Why are Private Markets the New Public Markets?
A unicorn expert offers insights
By Maureen Milford
Not long ago, the gold standard of entrepreneur success was the IPO, the liquidity event that served as the ultimate payday for all the risk-taking, hard work and worry.
But something has been happening in the recent years that baffles some and worries others. Companies are staying private, making the initial public offering a rarer bird. As Matt Levine, a columnist with Bloomberg Opinion pithily said in 2018: “Private markets are the new public markets.”
For many, this is not good news.
But the phenomenon might just be “a new market dynamic that we need to adjust to,” suggests Anat Alon-Beck, an assistant professor at Case Western Reserve University School of Law who has studied stock options at unicorn companies and other corporate issues.
Alon-Beck talks about the trend in staying private in a Q&A with Private Company Director:
How significant has the decline in IPOs been?
In the United States, the volume of IPOs is a measure of success of the innovation economy. To illustrate the decline, during the dot-com peak in 1996, more than 8,000 domestic public companies were listed on a U.S. stock exchange. The number was down to 3,618 companies by the end of 2016. Policymakers, regulators, investors, academics and the press are concerned about the decline.
What is contributing to this phenomenon?
I tend to focus on the interactions and relationships between different elements in order to understand the recent developments.
The following are the factors that contribute to these new developments: (1) startup founders have an incentive to keep their companies private longer, because they can maintain control over the firm (most CEOs are replaced before the IPO process); (2) new market developments, such as the entrance of new non-traditional deep-pocketed investors, who are willing to invest large amounts of capital in founder-friendly rounds; (3) changes to traditional startup corporate governance structures, which contribute to misalignment of incentives; (4) changes to our securities laws, which allow the founders to raise large amounts of capital and stay private without filing a registration statement, and; (5) aggressively high speculative billion-dollar valuations, which can be a detriment to the traditional startup funding model.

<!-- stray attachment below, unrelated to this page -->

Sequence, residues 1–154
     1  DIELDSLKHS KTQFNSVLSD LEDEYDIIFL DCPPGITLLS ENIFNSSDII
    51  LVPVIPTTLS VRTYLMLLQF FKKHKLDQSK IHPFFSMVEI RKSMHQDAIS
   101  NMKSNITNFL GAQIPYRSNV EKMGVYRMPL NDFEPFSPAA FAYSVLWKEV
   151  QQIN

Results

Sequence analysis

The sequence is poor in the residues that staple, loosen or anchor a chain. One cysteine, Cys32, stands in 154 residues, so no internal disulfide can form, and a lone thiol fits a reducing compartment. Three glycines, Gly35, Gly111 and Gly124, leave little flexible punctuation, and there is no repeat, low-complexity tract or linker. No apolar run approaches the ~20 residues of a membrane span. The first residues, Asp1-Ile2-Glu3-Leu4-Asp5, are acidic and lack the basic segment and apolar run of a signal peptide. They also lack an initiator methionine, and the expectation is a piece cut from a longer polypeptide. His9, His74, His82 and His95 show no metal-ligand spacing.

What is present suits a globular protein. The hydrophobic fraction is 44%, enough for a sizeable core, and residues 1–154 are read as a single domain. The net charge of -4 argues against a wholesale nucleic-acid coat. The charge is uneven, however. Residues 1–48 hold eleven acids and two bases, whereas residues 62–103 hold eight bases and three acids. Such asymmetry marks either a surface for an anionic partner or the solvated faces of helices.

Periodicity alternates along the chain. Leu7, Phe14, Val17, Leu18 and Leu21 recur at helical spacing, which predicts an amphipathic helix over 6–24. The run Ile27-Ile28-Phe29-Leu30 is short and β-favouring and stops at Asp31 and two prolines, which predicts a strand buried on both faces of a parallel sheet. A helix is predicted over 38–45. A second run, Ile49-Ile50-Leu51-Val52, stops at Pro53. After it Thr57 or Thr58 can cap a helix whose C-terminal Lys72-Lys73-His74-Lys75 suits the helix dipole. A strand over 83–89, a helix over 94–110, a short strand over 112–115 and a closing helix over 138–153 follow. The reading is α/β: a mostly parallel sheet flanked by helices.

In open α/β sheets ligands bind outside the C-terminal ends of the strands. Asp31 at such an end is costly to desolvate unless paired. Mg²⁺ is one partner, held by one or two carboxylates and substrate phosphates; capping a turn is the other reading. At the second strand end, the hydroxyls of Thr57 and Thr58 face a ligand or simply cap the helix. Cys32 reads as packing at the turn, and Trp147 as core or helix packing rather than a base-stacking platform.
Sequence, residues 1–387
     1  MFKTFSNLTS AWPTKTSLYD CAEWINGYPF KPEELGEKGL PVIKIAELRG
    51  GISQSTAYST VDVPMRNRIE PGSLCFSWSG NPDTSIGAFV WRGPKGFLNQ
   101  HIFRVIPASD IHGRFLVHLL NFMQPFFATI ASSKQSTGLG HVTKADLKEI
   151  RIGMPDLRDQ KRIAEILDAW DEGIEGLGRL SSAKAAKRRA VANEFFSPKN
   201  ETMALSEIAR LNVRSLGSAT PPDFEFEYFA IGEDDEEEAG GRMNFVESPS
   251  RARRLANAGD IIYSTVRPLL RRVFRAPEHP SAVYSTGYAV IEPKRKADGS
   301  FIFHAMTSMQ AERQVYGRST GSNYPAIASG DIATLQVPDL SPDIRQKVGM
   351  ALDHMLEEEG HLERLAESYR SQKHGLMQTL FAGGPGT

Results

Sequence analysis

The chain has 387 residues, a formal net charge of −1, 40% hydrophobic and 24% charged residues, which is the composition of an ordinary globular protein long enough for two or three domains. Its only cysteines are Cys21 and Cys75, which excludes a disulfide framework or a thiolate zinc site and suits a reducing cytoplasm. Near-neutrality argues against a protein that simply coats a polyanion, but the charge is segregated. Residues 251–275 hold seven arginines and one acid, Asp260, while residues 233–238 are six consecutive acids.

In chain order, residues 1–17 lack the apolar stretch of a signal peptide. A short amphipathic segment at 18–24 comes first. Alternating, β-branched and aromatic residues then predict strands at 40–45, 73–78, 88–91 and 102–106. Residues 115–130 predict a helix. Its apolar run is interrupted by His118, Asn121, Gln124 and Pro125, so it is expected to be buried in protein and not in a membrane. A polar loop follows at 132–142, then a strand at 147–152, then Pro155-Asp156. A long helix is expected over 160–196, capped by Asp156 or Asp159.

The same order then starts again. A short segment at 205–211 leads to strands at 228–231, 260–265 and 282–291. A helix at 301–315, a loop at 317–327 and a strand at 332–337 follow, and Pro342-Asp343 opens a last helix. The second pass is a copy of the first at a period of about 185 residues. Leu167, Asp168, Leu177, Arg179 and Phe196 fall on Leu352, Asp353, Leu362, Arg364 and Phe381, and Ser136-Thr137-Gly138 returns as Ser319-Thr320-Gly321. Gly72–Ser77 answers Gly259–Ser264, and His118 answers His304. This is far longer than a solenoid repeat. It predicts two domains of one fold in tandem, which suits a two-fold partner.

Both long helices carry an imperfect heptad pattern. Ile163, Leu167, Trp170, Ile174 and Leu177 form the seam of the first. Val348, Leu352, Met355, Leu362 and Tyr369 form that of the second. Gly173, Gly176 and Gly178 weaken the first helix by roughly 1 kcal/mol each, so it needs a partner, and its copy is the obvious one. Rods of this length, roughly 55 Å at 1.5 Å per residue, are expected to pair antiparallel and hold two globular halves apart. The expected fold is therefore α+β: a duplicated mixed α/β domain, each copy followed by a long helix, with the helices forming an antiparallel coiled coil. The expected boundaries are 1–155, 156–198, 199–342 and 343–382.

Are private companies turned off by increased regulations, the public spotlight and increased regulation?
I’m not sure if I can put my finger on one things and say that this is the reason that entrepreneurs are choosing to stay private longer.
That being said, disclosure of material information is a very important factor to take into account. By staying private longer, the entrepreneurs do not have to disclose certain material information to the public.
I think that the fact that new market participants, such as mutual funds and sovereign wealth funds, now invest large amounts of capital in unicorn firms allow the entrepreneurs to stay private longer, because they do not need the public markets to raise money.
The JOBS Act has extended the number of investors allowed in private companies before periodic reports are required under the Securities Exchange Act of 1934. The increase in the number of non-traditional investors may create collective action problems. Due to this increase, investors may tend to be more rationally apathetic.